Welcome to the International Institute of Tropical Agriculture Research Repository
What would you like to view today?
Insect and disease resistance from tropical maize for use in temperate zone hybrids
MetadataShow full item record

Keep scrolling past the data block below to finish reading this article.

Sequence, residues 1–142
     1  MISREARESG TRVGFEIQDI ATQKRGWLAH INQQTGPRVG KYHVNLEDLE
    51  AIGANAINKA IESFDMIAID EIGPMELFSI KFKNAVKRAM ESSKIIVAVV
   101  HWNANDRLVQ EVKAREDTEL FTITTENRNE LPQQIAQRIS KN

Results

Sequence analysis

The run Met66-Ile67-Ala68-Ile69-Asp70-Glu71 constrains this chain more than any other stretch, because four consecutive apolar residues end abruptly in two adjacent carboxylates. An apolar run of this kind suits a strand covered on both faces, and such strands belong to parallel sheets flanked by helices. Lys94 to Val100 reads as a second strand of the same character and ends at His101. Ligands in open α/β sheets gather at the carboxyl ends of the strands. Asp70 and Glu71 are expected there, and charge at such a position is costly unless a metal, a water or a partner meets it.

Biotic constraints (insects, diseases, parasitic weeds) and abiotic stresses (drought) are widespread and pose a constant threat to maize production worldwide. Tropical environments provide the greatest opportunity for evolution of insects and diseases because of the favourable year- round climatic conditions. Year-round breeding programs permit selection of stable general resistance against specific or combined challenges. The IITA Maize Program initiated a line-development project in 1979. The major objectives of this project were to develop vigorous, tropically adapted inbreds that confer general resistance or tolerance against specific African as well as common tropical production constraints. Important constraints in Africa are stem borer (Sesamia calamistis, Eldana saccharina and Busseola fusca), storage insects (Si-tophi/us spp.), foliar diseases (Maize Streak Virus, Puccinia palysora, Hel•mintho.parium maydu, Exserohilum turcicum, Curvularia palle.cens.downy mildew), stalk and ear rots (Fusarium moniliform, Botryodiplodiat Mobromae, Macrophomina phauolii, Striga hermonthica, and drought. Some of these problems occur in the U.S. Com Belt and in other parts of the world. The Maize Inbred Resistance (MIR) project of the University of Hawaii tested 120 tropically adapted inbred collections at 27 locations worldwide, including tropical. Sub-tropical and temperate regions. Sources for high levels of general resistance were found for most insects and diseases. The selected inbreds could be valuable sources of resistance for developing inbreds and hybrids adapted to the Com Belt. This paper presents current results regarding general resistance to the major production constraints of maize worldwide and introduces a pioneering approach for testing combining ability of tropical inbreds for temperate as well as tropical regions.